V is for Values and Virtues. At home, we learn and live by The Golden Rule and The Ten Commandments. We forgive, serve, and love one another.

W is for Witty!¬†We feel rather clever for going off the traditional path of public schooling and daring to take education into our own hands! ūüėČ

X is for X-tra. Extra a-ha moments that I get to witness!

Y is for Youth. Teens need their parents and homeschooling lets parents be more of an influence.

Z is for Zero!¬†Zero grades. Zero data-mining. Zero “teaching-to-the-test”. Zero conformity. Zero tears.


Simply Knowledge Homeschool

Homeschool Vs. Public School (An Honest, Real Life Comparison)


There are all sorts of arguments for and against homeschooling and public schooling, but these are my family’s real life¬†experiences with both and how we compare the two side by side. A little background about my family first: Both my husband and I grew up in the public education system so that was all we knew when we started raising our children. We also move around because of my husband’s job, and so my children experienced multiple schools in multiple states, as well as in two countries outside of the U.S. (Canada and Peru). You can read¬†our story about how we became a¬†homeschooling family, here.


Mornings and sick days

Public school mornings-

  1. Wake up at a specific time, whether or not child had enough sleep.
  2. Get dressed¬†and¬†eat a quick breakfast. Often times, my child wasn’t hungry yet¬†so I’d send them with a granola bar and apple and hoped they could sneak it in.
  3. During winter or on chilly days, bundle up with outside clothing such as jackets/coats, hats, scarves, mittens, boots, etc.
  4. Head out the door with backpacks, lunches, homework, text books, parent-signed papers, etc.
  5. Walk or mom drives or catch bus to school (depending on where we lived and the weather).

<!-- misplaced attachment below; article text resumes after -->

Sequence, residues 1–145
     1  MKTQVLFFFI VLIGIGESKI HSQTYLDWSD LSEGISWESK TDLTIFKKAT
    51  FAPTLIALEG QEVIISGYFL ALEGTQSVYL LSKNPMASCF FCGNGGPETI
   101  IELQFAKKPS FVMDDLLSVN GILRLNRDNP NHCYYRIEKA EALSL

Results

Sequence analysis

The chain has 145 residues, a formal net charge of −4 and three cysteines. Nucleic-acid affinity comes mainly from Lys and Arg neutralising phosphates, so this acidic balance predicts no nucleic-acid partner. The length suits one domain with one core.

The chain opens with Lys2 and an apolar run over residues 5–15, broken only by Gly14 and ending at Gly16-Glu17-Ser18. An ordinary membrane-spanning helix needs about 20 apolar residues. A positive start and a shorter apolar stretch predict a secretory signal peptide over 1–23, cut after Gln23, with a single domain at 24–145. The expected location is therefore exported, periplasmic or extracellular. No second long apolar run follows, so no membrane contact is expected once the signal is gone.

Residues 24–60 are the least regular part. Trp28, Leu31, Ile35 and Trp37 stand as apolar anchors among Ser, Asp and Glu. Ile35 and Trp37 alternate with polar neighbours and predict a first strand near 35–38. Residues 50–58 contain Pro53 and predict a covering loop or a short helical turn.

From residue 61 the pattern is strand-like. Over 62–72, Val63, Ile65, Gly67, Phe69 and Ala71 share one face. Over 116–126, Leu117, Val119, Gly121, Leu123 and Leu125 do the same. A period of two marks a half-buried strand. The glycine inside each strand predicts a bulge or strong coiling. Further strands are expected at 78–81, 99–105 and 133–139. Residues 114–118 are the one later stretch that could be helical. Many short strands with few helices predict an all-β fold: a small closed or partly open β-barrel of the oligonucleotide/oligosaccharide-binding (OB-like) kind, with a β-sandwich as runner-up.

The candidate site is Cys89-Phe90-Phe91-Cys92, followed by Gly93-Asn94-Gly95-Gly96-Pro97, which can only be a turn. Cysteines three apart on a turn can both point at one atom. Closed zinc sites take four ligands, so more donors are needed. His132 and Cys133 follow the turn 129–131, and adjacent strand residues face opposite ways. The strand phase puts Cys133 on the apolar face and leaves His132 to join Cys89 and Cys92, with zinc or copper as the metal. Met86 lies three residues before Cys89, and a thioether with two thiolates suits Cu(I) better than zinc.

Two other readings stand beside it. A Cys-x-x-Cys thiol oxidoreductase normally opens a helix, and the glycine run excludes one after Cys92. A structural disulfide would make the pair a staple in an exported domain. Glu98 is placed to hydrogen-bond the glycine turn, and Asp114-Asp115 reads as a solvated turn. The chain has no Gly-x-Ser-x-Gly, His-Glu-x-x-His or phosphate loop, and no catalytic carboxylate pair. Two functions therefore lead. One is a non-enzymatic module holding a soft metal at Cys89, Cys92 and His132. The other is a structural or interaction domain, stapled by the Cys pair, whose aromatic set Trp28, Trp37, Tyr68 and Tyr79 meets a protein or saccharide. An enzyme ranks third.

6. Depending on the school, go straight inside and to locker or classroom OR wait in the school yard (regardless of weather) for the bell to ring, before lining up, and filing into the building one class at a time. Parents are permitted inside (it is a public building), but I always felt unwelcome by the staff unless I was there to parent-volunteer. Once I accompanied my 6-year old son into his school to help him remove his bulky snow suit. A teacher saw me and questioned why I was there before informing me that my son was old enough to take care of himself. (This made me realize how many times teachers and staff talked down to me, the parent.)

If a child wakes up not feeling well:

  1. Evaluate child. If it’s just a cold or allergies or a slight tummy ache or headache, tough luck! Send the child to school with the assurance that they can always call home if it worsens (and the teacher/staff allow it).¬†If the symptoms are a fever or throwing up, the child must stay¬†home, but an immediate call to the school is warranted or else I was sure to hear from the¬†school later, chastising me¬†for not informing them right away.
  2. Call the school and excuse the child’s absence. (As an¬†introvert, this was always a stress-inducing phone call!)
  3. Get missed school work from teacher(s) so your child can stay caught up.

Homeschooling mornings-

  1. Wake up naturally, when child has enough sleep.